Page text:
Yet these numbers are a bit misleading. There continues to be a large degree of inequality between Latin Americans of different ethnicities. In Brazil, 76.4 percent of primary school children who are descended from Europeans are enrolled in school, while only 65.3 percent of indigenous or African children are enrolled. Similarly, in Chile 97 percent of families of European descent are enrolled in school, while 74.4 percent of children of indigenous or African descent are enrolled.

This is significant because as the middle class expands, it’s going to be able to expend more money on disposable goods and fuel economic growth. It will also be interesting to see what happens as the middle class demands more of a stake in the political process.

– Jeff Meyer

Sources: World Bank, IARIW
Photo: Not Adam and Steve

Poverty_in_russia
As the adage goes, the poor stay poor while the rich get richer. For years, Russia has been regarded as a nation fraught with economic inequality- a land where the rich accrue more and more wealth each year while the poor descend further and further into squalor. Even in the advent of the burgeoning middle class, the growing disparity of wealth has contributed to a widening economic gap between Russia’s rich and poor residents.

Although an astounding 18 million Russians, or roughly 13 percent of the population, live below the official poverty line, having a collective income of $12.4 billion, the 97 wealthiest Russians jointly own $380 billion- nearly 31 times the collective income of the nation’s poorest individuals.

While $18 million residents grapple with the challenges of poverty, Vladimir Putin consistently vaunts the exclusive wealth of Russia. In a sense, Russia has exhibited economic growth. For instance, Moscow now houses more billionaires than New York City, the iconic American city that has long been esteemed as the metropolis of wealth and power of the Western World.

Although Putin boasts about the economic prosperity of the few wealthy elites, little effective action has been taken to curb the growing rates of poverty in Russia. For example, the estimated cost of living in Russia is approximately $210. However, the nation’s minimum wage is wholly insufficient at $155 per month.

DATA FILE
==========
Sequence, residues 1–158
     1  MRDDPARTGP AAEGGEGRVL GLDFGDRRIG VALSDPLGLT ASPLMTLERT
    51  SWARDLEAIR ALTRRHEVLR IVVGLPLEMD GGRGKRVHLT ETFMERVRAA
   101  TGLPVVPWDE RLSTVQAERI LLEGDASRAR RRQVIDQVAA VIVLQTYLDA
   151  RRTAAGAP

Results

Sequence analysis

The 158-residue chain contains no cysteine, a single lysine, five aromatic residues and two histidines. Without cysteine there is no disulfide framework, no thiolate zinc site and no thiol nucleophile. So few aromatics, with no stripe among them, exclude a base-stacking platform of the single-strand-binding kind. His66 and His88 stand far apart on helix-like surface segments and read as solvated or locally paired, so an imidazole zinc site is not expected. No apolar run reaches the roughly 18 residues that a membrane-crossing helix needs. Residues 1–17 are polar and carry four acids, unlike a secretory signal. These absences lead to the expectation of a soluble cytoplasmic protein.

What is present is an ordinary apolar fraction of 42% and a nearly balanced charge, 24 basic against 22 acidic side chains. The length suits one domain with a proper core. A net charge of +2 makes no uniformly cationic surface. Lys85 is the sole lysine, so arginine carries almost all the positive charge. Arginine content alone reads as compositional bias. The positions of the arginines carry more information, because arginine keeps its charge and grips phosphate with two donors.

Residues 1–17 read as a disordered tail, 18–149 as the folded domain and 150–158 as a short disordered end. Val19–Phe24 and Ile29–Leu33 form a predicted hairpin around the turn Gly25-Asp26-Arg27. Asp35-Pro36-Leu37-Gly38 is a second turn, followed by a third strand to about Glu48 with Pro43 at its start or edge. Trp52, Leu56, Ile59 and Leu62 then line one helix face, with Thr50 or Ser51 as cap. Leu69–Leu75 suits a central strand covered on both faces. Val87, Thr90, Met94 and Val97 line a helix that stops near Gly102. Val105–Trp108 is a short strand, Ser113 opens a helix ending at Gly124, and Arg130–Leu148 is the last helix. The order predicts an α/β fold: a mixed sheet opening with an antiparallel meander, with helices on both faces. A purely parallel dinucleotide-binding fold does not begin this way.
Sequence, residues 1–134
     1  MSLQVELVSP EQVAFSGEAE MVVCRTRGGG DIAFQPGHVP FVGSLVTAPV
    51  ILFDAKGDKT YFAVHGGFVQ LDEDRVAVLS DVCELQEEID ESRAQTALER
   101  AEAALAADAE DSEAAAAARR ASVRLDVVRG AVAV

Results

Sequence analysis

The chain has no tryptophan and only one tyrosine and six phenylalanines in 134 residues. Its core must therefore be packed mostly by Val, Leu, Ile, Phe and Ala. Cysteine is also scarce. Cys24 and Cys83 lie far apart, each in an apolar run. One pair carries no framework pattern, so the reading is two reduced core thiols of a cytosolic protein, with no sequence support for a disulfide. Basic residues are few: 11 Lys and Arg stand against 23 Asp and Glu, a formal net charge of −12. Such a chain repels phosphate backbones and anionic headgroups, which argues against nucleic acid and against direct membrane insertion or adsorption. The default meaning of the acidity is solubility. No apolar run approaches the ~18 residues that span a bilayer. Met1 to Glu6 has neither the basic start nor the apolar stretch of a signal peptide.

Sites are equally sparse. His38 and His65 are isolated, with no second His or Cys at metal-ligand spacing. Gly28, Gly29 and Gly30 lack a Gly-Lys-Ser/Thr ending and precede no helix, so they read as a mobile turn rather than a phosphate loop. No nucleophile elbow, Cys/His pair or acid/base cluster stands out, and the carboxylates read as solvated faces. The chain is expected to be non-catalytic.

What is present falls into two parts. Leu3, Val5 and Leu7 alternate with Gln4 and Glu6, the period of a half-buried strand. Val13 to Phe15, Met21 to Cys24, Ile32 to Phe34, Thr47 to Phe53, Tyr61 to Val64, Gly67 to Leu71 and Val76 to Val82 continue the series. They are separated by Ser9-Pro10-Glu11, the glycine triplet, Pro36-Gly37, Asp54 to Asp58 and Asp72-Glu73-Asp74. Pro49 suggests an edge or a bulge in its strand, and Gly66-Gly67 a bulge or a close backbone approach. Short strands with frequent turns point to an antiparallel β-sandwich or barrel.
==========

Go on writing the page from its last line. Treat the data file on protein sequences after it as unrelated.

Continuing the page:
Despite this harrowing fact, it appears that the 2014 Winter Olympic Games, set to be hosted in Sochi, has taken prominence over the rampant poverty in Russia. In 5a Akatsy Street, located in a neighborhood with deteriorating infrastructure, a brand-new multi-million dollar highway brazenly cuts through the surrounding poverty.

The glossy highway stands in salient contrast to the squalor of 5a Akatsy Street, a locale in which residents have barely sustained themselves without running water or a sewage system. While the Russian government sanctions the construction of stadiums and highways, the majority of Sochi residents live in dwindling, contaminated and neglected villages.

However, the juxtaposition of the ostentatious Olympic preparations in Sochi and the prevalence of squalor surrounding the slinky stadiums and magnificent mega-malls highlights a general trend that has been observed in Russian society, a dangerous trend in which in which the poor are vastly overlooked while the most wealthy are needlessly glamorized.

Phoebe Pradhan

Sources: Telegraph, Forbes, TribLive
Photo:
AsiaOne

africapoverty_opt
Americans are accustomed to equating growth with wealth. The existence of a historically robust middle-class has meant that economic power gets a direct injection into households through income, lower prices on goods and services, and government services funded through taxes.